In over 35 years of financial planning experience, one of the most often asked questions I get from clients and friends is how to handle the financial implications of their children graduating from college or graduate school. Many of these children have never had the responsibility to pay for their own housing, determine how much insurance coverage they should get on their cars, or even evaluate the options that they may have with their health insurance coverage.
Develop a Budget
In my opinion, the most immediate need that these young adults have is how to develop a budget or spending plan that meets their level of income. In some cases, these young adults have never had to live on a budget. In other cases if the young adult has worked while in school, the earnings might have been allocated towards leisure expenses such as eating out, entertainment or enhancing their wardrobe. Now, after graduation, the parent’s desire is to see their child become financially independent, but yet there could have been little guidance or instruction on how to do so. (For related reading, see: How to Create a Plan to Deal With College Debt.)
But there is hope, if the parent is willing and the child is teachable, to put the young adult on a path to financial freedom. First and foremost, the child needs to learn to live on a budget. The word budget connotes a lot of bad thoughts, so I prefer to use the term spending plan. Developing a spending plan actually gives a certain amount of freedom to the child and helps them begin to make economic choices. Economic choices are at the heart of financial planning. Economic choices will develop financial maturity in these young adults.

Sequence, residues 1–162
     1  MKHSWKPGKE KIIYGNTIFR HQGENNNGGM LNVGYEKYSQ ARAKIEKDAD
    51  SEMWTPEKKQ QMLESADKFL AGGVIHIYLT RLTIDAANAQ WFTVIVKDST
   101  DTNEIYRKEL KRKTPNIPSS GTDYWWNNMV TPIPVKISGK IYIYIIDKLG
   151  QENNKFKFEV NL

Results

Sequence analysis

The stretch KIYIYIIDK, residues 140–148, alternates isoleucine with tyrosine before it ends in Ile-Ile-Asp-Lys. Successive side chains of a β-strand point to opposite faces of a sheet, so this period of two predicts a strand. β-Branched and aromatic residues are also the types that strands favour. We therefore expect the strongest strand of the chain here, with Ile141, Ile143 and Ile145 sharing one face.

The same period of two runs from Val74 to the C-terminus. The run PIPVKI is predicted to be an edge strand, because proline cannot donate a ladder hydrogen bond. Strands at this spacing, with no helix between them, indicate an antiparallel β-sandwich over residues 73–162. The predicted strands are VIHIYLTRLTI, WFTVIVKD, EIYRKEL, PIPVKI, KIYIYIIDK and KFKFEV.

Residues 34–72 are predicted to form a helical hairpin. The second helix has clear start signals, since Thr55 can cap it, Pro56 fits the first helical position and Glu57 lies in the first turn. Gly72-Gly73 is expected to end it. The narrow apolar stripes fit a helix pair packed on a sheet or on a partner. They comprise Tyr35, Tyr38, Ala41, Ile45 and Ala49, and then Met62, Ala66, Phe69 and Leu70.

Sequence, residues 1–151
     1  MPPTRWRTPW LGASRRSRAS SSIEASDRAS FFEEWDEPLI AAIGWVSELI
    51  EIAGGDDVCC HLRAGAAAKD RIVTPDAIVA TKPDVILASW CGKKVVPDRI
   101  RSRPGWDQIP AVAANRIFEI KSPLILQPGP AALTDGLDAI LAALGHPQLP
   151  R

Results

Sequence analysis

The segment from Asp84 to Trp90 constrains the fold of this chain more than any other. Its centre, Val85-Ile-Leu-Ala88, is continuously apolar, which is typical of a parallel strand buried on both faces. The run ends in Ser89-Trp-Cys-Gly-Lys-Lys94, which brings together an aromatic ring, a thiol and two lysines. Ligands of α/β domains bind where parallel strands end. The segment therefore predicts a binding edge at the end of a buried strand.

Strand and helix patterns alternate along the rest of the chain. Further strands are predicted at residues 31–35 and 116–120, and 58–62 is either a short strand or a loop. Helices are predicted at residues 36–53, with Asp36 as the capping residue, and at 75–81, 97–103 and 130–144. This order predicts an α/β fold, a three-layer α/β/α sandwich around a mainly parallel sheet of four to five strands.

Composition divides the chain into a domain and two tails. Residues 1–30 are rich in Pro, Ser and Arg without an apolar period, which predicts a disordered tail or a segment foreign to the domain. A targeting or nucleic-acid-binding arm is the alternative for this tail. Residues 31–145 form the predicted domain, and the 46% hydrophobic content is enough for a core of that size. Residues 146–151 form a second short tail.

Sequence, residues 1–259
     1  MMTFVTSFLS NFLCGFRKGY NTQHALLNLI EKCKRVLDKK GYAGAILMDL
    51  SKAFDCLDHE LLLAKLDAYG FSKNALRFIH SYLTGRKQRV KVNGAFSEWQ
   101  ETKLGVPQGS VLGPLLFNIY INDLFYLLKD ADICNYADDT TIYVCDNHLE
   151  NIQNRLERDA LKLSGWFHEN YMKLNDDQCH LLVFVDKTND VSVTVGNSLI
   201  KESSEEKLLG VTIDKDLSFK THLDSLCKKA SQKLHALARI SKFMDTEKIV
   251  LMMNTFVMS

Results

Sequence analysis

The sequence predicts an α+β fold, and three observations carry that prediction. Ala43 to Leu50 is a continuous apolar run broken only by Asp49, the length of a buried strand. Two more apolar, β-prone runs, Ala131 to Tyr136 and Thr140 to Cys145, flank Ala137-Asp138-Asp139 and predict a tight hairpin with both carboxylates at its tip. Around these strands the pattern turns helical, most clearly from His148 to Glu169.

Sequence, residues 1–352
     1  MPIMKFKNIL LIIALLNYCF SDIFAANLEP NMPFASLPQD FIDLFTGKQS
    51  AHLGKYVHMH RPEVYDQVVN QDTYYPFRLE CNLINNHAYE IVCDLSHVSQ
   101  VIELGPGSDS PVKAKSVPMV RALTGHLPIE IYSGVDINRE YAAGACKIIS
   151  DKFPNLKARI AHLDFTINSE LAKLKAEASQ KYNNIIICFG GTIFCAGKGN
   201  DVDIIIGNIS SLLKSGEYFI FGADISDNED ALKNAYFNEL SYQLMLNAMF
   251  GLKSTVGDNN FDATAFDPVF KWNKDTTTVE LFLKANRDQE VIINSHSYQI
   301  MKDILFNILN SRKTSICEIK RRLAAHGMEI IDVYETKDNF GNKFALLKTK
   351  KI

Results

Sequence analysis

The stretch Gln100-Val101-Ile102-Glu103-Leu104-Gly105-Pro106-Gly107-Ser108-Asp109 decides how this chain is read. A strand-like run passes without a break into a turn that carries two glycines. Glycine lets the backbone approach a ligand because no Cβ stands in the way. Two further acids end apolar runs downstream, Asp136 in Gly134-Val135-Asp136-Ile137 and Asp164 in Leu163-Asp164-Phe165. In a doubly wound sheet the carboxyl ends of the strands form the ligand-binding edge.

A Glide Path
For those young adults who are not able to make a living wage initially, I encourage the parents to develop a glide path for that child as they learn the mechanics of money management and provide them with a runway for financial success. A glide path is a plan whereby the parent initially takes responsibility for paying certain bills with the plan that, at some point, the child will take over that responsibility.
For example, one of my children is on the glide path and I have been providing her with a monthly allowance since her graduation. At first, the monthly amount helped her with rent, car insurance, cell phone, etc. But as the months have passed, I have reduced the monthly amount as she begins to take responsibility for all of her expenses.
Is there a magic number of months to provide this stipend for their lifestyle? I don’t think so. In some cases, the glide path can be one year – in other cases, it can be two to three years. But there is the ultimate goal of allowing the child the joy of providing for themselves, an outcome that both the parent and the young adult want. (For more, see: Family Wealth: Thankfulness Vs. Gratefulness.)
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